Can You Authorize Your Partner To Make Health Care Decisions For You?

Law Blog

If you and your partner are in a committed relationship, but do not plan to marry in the near future, you need to take steps to ensure that he or she can make health decisions on your behalf in case you are unable to do so. Without taking the necessary steps, your partner could have trouble authorizing important medical procedures. Before taking any steps, here is what you need to know. 

What Is a Health Care Directive?

A health care directive is a document that lists your wishes regarding your health care. It is a simple document that is often referred to as a living will. In the directive, you can state what treatment measures you want and in which situations you do not want certain treatments. 

For instance, you can state in your directive that you do not want any lifesaving measures taken if there is no brain activity detected. 

If you are over the age of 18 and in good mental health, you have the right to make a directive. If you have a physical impairment that affects your ability to sign the directive, work with an attorney to ensure your state allows for the help of another to sign the document.

In some states, the rights to carry out the directive are usually given to the spouse, children, and parents of a person if no one is specifically listed in the directive. Since you are not married, there is a chance that your state might not allow your partner to serve as the agent of your directive, if he or she is not specifically named.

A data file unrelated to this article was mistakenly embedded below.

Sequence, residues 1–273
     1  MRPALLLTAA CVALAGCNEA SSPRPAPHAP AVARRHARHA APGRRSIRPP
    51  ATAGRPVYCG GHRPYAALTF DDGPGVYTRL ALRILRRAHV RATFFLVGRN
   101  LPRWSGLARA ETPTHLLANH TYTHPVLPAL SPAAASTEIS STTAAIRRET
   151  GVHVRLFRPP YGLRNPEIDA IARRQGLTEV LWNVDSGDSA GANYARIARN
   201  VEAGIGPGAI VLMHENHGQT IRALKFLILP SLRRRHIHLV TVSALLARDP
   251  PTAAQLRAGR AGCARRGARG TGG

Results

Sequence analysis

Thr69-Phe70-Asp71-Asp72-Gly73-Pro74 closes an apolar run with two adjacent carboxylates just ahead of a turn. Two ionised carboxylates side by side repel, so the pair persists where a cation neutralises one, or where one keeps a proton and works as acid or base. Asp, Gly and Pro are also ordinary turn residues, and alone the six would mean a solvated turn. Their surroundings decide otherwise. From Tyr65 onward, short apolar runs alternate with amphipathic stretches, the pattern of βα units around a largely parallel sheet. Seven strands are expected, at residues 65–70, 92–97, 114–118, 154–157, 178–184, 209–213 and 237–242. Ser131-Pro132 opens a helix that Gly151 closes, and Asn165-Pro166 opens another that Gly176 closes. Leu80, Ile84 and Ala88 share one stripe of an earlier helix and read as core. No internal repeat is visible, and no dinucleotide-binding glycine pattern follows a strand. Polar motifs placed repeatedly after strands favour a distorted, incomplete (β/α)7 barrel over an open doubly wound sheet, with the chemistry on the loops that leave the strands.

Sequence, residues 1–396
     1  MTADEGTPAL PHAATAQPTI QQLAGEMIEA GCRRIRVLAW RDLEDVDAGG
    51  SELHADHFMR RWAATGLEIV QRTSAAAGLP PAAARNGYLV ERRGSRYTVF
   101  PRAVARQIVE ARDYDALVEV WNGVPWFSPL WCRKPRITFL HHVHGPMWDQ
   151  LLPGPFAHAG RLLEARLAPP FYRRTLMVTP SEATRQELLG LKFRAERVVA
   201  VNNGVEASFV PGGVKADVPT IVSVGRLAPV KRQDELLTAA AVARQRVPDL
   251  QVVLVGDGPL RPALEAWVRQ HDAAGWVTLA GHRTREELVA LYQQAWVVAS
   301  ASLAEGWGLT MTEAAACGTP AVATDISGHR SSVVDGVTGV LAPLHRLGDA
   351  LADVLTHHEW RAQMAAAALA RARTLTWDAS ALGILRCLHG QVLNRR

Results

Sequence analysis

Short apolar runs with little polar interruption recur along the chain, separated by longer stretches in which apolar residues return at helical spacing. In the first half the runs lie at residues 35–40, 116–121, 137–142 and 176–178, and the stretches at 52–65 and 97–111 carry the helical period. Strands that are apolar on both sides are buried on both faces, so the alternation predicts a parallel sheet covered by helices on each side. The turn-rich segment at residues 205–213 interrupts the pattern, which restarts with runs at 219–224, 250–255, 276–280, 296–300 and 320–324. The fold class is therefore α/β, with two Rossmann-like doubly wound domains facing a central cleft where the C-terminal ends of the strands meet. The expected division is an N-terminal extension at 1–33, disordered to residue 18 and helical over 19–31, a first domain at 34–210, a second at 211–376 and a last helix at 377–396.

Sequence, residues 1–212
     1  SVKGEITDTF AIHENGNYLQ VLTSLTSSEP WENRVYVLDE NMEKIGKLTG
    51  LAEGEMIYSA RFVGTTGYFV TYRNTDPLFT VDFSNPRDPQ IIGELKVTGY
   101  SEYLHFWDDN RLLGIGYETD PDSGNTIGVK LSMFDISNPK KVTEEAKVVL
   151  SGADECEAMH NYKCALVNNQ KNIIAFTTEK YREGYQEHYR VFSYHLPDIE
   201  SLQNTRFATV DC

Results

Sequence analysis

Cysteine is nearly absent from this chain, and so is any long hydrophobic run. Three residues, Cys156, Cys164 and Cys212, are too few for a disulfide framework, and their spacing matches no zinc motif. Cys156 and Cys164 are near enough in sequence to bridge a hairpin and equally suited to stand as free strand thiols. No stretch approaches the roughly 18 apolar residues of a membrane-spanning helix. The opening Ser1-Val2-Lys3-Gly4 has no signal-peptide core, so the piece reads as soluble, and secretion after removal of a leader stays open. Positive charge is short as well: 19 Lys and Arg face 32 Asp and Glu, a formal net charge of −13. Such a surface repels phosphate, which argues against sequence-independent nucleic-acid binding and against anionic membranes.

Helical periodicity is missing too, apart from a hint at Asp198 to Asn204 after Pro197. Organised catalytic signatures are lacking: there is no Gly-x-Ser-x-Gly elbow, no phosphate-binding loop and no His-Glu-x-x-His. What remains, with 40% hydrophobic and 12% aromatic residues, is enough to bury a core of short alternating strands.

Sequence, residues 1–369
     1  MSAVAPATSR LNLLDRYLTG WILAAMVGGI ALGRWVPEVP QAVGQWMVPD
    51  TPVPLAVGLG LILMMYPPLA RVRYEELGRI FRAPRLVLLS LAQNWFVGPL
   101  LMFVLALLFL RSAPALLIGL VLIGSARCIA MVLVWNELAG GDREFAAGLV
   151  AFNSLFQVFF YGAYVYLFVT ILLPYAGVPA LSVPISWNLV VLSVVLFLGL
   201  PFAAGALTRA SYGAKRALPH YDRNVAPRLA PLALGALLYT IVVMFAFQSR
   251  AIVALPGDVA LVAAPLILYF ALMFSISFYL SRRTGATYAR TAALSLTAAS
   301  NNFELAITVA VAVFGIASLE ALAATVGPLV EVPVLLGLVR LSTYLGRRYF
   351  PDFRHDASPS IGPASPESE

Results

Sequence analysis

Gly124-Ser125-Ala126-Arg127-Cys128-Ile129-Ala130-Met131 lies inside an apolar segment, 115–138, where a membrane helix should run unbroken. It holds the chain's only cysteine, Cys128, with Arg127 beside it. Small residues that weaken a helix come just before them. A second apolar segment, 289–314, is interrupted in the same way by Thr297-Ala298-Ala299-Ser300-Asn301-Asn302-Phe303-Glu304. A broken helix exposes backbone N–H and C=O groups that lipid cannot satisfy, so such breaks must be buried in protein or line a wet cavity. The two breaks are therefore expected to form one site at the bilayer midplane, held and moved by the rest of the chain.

What Should Be in Your Directive?

Outside of listing your health care wishes, it is very important that you name your partner as the agent of your directive. Even if your state allows for the assumption that he or she will be the agent, it is ideal to include him or her. If there are any challenges to your partner's authority, your directive can make it clear what your intentions were. 

You also need to be very detailed in what duties your partner has. For instance, you need to state whether or not he or she has the right to select your medical care providers, have access to your medical records, and make medical decisions for situations that are covered in your directive. 

Consult with a family law attorney, such as those from LaCroix & Hand PC, to ensure that your directive is legally inclusive of your partner and that he or she has the proper authority to make medical decisions for you. 


22 December 2015

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